Is Facebook a symptom of our increasing loneliness culturally, or does the social networking site bring people closer together? The Atlantic recently devoted their cover story to examining that very question.
In the article Is Facebook Making Us Lonely? writer Stephen Marche presents the case that the current era of “connectivity” also happens to be taking place during a time in which we’ve never been lonelier, more narcissistic or unhappy (lonely, narcissistic, unhappy? Someone has been reading my status updates!)
“Facebook arrived in the middle of a dramatic increase in the quantity and intensity of human loneliness, a rise that initially made the site’s promise of greater connection seem deeply attractive. Americans are more solitary than ever before.”
He goes on to cite studies that indicate that more people feel lonelier now than in previous decades and he suggests that some part of what some are calling an “epidemic of loneliness” is due to the fact that human beings are presented with fewer opportunities for real social interaction.
“Loneliness and being alone are not the same thing,” writes Marche “but both are on the rise. We meet fewer people. We gather less. And when we gather, our bonds are less meaningful and less easy. The decrease in confidants—that is, in quality social connections—has been dramatic over the past 25 years.”
Facebook is both a result of this increasing state of loneliness as well as a product that ironically institutionalizes the features of disconnection: it’s a social network that encourages isolation and narcissism. Social networking is all about you—your profile, your photos, your “status” emotionally, your likes and dislikes, etc—whereas a real-time conversation—like a real relationship–involves more give-and-take.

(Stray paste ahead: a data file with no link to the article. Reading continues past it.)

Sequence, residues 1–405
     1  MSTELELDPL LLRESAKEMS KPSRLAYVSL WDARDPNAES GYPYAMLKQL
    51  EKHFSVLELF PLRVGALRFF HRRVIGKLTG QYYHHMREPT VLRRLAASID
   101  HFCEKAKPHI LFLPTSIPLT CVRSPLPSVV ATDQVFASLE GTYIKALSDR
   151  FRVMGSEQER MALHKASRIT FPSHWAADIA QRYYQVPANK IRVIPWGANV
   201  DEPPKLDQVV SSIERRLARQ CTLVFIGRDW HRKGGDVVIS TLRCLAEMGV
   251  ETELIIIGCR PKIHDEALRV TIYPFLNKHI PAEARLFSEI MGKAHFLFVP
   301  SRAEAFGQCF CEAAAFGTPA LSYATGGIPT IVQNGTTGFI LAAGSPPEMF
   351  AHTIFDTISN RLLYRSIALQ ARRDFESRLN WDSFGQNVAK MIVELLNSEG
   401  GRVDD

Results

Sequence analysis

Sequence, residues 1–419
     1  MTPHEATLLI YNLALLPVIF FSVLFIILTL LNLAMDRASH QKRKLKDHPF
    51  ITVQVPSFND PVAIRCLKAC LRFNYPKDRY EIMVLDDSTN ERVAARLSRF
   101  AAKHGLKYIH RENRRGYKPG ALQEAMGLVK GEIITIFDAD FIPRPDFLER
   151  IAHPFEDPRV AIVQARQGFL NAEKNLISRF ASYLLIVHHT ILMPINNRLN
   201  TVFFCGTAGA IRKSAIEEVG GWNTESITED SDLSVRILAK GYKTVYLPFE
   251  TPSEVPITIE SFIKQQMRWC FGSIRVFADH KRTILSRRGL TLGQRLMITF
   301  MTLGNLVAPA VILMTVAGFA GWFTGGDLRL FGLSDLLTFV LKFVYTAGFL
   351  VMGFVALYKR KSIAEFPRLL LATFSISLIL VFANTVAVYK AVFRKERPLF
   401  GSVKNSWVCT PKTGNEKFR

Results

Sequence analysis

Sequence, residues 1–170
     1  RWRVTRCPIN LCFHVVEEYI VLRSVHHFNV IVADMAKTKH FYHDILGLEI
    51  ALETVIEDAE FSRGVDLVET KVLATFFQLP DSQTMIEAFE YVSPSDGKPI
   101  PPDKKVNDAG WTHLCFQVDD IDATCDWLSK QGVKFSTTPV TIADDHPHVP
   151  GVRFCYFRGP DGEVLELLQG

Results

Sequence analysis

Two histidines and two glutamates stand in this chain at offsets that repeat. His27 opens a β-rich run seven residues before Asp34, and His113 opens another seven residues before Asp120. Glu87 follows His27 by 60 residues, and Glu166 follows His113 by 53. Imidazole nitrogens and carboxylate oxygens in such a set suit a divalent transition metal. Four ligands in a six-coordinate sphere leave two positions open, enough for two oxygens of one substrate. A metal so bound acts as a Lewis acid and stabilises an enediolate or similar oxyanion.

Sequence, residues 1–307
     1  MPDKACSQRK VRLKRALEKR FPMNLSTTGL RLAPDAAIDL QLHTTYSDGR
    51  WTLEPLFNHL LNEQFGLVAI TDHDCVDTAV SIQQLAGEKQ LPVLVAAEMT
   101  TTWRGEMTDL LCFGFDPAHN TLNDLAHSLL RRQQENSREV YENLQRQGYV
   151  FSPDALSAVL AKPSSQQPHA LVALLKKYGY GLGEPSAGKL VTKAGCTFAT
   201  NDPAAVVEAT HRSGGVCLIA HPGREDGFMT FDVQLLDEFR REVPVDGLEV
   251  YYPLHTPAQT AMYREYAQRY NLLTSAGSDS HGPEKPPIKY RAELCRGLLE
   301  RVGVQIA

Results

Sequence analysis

At the same time, Marche acknowledges that that interpretation is “complicated,” to borrow from the site’s vernacular, as there’s evidence to suggest that Facebook’s meaning, while cultural, is also individual and comes down to the user. The lonely use Facebook in lonely ways—they lurk and comment around looking for attention–while those with active social lives reaffirm their social buoyancy, using the site to send messages and make plans in the real world.
Opinion varies on the question of how connected social media is making us feel as human beings. And yet, as Marche’s piece points out, the human struggle to balance a desire for independence with the need for connection, to curb inherent narcissism with a greater capacity for empathy, precedes the birth of Mark Zuckerberg and will endure long after the appeal of Farmville has worn off.